THE huge rise in the popularity of cycling has resulted in an extra seven million journeys being enjoyed on recognised pathways in a year.
Sustrans, which developed and co-ordinates the National Cycle Network, said its use had risen in Scotland by seven per cent from 2012 to 2013.
It forms part of an all-over increase of seven per cent across the UK, as walkers and cyclists made 748 million journeys on the network.
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The figures come as operators of Glasgow's new hire cycles have reported an encouraging start to use of their bikes, which are already being used more frequently than London's famous Boris bikes.
John Lauder, national director of Sustrans Scotland, said: "Our report provides clear evidence of the value of the National Cycle Network in Scotland, and indeed across the whole of the UK.
"It is great to see so many people enjoying the many benefits of cycling and walking more often, from the health benefits of being more active to enjoying the convenience of knowing how long their journeys will take."
The National Cycle Network (NCN) is a 2,000-mile signed, mapped and promoted network of routes throughout Scotland. It stretches 14,700 miles around the UK and aims to provide a range of active travel options from everyday commuting to longer routes.
The report, which details the usage and benefits of the National Cycle Network in 2013, also said data indicated that new sections of the route in Scotland and Community Links projects are attracting more users than in other parts of the UK. Community links are links of three miles or less which Sustrans Scotland also operates.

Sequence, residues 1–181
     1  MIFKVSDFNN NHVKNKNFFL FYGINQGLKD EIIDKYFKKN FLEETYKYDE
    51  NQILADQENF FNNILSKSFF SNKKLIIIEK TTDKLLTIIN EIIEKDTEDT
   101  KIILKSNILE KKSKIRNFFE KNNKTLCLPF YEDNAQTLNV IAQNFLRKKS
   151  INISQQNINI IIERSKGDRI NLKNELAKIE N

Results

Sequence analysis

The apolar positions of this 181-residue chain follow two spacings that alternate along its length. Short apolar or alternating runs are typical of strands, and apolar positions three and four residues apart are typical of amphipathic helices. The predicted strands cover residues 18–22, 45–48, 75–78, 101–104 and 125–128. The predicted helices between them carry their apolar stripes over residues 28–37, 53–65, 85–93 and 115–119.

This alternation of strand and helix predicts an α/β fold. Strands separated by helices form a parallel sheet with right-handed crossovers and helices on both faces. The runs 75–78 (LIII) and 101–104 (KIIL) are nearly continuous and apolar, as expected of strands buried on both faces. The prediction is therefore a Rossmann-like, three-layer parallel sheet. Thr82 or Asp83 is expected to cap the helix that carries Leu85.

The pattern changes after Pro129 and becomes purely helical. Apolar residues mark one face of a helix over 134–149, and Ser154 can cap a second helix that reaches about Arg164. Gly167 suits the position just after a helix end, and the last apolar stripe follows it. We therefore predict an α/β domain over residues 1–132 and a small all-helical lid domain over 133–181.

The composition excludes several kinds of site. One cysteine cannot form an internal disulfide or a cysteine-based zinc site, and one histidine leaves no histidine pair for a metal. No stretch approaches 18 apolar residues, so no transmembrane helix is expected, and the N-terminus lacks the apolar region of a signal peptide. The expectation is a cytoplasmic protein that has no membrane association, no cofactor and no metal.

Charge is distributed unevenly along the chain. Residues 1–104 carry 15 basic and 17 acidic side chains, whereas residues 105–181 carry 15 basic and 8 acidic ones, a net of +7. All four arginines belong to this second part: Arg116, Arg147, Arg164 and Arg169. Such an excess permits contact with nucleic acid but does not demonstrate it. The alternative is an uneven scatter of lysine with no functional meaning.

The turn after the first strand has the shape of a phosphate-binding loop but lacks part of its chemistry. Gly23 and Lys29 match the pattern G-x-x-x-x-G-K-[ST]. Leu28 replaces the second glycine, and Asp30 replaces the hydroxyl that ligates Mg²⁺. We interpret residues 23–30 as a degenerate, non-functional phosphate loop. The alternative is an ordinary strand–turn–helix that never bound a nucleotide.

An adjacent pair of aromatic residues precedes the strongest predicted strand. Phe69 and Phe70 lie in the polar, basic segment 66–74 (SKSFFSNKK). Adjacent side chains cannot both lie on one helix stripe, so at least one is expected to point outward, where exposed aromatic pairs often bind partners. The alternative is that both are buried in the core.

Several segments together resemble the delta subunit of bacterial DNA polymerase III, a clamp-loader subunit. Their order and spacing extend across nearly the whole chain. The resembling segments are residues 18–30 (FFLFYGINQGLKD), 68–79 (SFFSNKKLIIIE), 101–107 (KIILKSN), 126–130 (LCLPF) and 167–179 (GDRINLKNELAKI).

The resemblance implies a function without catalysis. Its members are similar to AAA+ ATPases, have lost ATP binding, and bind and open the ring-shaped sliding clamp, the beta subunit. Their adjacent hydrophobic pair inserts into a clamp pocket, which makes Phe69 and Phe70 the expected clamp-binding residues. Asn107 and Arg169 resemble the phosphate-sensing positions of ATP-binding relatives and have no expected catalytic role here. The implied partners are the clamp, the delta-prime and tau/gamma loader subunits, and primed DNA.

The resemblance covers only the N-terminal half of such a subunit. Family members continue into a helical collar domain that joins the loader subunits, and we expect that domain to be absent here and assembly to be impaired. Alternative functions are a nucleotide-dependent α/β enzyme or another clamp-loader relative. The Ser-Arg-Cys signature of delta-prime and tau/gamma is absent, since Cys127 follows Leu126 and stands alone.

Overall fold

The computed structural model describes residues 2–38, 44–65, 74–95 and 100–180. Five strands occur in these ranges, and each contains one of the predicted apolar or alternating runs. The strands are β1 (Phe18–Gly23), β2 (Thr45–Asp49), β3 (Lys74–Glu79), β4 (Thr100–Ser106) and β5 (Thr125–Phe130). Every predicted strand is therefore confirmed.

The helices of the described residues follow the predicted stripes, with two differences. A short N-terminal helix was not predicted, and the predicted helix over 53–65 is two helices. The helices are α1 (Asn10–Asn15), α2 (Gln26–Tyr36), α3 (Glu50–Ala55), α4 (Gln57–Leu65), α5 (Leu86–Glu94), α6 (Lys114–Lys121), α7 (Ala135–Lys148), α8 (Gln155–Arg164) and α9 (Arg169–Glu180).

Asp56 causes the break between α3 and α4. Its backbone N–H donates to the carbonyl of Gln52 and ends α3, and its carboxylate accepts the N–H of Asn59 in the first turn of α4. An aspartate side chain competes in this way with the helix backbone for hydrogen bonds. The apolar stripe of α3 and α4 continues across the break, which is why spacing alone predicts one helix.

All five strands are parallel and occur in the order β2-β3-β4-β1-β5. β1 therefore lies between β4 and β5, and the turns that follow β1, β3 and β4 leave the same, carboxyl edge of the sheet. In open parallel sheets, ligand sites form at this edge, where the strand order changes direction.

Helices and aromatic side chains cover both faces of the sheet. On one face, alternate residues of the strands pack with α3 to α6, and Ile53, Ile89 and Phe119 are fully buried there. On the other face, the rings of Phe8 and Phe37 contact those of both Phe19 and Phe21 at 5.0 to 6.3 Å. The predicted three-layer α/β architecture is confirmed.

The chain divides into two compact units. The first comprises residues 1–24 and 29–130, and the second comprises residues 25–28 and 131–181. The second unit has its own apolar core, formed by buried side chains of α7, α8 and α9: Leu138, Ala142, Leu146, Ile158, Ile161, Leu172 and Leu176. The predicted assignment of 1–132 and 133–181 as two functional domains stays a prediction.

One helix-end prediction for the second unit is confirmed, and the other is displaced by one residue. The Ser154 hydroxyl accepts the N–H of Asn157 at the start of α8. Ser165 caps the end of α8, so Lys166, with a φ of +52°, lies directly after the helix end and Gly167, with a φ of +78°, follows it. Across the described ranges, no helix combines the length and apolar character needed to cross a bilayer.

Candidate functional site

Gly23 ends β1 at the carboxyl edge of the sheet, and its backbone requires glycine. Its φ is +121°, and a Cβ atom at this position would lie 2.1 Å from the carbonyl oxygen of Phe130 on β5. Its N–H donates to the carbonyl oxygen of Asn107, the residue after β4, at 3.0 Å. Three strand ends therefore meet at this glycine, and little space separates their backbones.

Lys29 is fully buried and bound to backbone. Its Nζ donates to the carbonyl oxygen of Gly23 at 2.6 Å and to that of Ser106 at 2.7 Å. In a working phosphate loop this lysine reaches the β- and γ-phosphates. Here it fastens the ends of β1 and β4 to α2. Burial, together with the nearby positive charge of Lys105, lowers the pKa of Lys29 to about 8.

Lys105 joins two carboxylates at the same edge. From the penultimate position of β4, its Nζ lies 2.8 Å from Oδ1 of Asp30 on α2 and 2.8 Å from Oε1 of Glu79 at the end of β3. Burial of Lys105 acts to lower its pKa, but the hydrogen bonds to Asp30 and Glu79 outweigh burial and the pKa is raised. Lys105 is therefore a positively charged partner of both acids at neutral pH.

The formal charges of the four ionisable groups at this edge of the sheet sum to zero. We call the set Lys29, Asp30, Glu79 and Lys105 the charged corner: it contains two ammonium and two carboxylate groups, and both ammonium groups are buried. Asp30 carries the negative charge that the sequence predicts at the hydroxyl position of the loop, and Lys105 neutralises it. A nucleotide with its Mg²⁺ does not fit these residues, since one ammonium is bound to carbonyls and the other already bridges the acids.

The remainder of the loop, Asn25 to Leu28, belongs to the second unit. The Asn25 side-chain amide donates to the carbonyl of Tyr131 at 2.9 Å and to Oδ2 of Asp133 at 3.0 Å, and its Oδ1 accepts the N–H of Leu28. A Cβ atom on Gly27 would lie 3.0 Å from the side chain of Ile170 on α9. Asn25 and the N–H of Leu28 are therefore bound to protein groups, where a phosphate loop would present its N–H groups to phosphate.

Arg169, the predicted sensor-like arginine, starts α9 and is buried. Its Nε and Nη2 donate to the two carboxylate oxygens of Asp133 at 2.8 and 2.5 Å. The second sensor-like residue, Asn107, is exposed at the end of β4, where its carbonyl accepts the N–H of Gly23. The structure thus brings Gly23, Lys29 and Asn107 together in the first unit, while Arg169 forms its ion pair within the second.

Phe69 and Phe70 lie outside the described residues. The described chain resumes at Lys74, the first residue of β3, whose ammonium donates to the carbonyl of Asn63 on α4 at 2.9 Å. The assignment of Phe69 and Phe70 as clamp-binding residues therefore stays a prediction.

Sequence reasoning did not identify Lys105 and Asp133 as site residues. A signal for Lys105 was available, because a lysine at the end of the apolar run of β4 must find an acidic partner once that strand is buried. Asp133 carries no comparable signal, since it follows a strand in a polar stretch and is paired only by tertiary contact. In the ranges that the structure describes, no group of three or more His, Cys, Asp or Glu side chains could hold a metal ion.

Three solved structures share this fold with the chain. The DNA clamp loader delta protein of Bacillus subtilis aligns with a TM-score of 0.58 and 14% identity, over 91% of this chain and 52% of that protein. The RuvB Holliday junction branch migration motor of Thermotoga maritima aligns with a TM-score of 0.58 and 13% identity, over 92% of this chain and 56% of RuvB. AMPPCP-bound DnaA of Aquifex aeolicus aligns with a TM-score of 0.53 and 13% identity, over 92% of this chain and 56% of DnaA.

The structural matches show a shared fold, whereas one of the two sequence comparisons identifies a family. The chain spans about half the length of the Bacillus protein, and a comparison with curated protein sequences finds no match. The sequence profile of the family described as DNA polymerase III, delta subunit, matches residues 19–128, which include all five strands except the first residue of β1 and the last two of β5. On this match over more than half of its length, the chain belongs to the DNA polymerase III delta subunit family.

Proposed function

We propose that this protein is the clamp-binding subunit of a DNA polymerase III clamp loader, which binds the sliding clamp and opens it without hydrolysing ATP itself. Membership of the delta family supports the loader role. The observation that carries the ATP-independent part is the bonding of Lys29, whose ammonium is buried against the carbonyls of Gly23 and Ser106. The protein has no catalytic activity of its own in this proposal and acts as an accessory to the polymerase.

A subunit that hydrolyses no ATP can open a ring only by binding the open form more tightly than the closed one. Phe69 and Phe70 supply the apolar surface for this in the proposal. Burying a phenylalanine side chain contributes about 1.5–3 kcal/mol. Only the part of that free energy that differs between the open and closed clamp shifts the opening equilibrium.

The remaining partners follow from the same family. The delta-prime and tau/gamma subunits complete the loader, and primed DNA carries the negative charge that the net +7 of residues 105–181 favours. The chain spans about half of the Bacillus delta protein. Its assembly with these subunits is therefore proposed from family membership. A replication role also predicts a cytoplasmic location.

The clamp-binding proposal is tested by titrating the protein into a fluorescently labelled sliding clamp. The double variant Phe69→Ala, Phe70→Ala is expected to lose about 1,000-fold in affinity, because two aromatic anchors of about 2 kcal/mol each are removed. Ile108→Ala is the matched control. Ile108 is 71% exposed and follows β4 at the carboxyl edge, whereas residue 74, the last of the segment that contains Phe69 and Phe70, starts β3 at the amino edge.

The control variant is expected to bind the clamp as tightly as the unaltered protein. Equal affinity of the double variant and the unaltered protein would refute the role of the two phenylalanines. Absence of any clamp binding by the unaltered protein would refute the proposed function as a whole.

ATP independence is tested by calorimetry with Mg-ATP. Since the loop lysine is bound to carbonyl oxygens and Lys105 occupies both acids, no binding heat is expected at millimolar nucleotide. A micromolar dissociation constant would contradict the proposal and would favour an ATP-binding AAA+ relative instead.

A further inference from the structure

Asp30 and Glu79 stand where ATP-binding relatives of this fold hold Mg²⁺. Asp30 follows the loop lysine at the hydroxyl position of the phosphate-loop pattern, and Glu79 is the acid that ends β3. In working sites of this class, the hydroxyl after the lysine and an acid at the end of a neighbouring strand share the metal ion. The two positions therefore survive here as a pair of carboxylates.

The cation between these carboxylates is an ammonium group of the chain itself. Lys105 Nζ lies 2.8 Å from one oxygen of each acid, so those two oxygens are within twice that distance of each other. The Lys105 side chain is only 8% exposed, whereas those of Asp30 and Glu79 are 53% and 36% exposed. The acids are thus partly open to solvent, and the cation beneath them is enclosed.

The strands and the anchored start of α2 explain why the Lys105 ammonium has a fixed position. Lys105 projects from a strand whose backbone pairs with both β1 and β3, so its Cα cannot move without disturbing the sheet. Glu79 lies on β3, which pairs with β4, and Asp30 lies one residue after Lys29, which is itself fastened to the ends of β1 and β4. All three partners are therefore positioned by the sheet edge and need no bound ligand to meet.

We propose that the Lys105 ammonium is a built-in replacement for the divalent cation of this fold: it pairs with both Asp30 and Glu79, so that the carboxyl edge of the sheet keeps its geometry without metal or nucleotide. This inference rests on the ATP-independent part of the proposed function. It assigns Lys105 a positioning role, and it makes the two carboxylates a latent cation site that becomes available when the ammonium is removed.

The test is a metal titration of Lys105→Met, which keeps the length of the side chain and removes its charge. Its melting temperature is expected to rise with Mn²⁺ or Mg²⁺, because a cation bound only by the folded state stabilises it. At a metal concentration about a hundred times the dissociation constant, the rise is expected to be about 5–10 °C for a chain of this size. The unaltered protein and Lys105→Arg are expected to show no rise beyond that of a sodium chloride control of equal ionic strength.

Previously, a report by Sustrans Scotland had indicated that cycle routes, including St Mary's Industrial Estate, Dumfries, Goose Green in Musselburgh and Inveralmond Park Link had seen a significant increase in their usage, as did routes at the Golf Course Link in Troon, Uddingston Grammar School, and Bells Burn Path, Linlithgow.
Mr Lauder added: "This demonstrates that investment by the Scottish Government is paying dividends in meeting the demand for cycling and walking.
"Sustrans Scotland has worked, and continues to work, effectively with a large number of partners, including local authorities, to deliver a wide range of projects."
Sustrans also said the increase in 2013 delivered an overall benefit of £1 billion to the UK economy.
This includes £803 million in health benefits derived from physical activity, potential fuel savings for individuals valued at almost £215m and £25m worth of potential carbon saving.
The charity said more than one-third of users of the cycle network could have driven but chose not to, helping to ease congestion by saving 157 million car journeys.
It also said that older people accounted for around 10 per cent of journeys made on the network last year, with 55 per cent of pedestrians aged 65 or over and 57 per cent of cyclists in this age group feeling that the network helped them meet new people.
More than 285 million of the journeys last year were made by women, with 75 per cent saying the network helped them increase levels of physical activity.
Of the trips taken by women, 25 per cent were commuting journeys and 42 per cent were for recreation. The research indicated that women aged 45-54 are using the walking and cycling routes the most.
Sustrans chief executive Malcolm Shepherd said: "Official data shows levels of cycling and walking to be in long-term decline, but year on year we are seeing increases in the number of people taking to the National Cycle Network, both by bike and foot.
"The rise in the number of people using the network shows that there is a demand for safe, convenient and welcoming walking and cycling routes."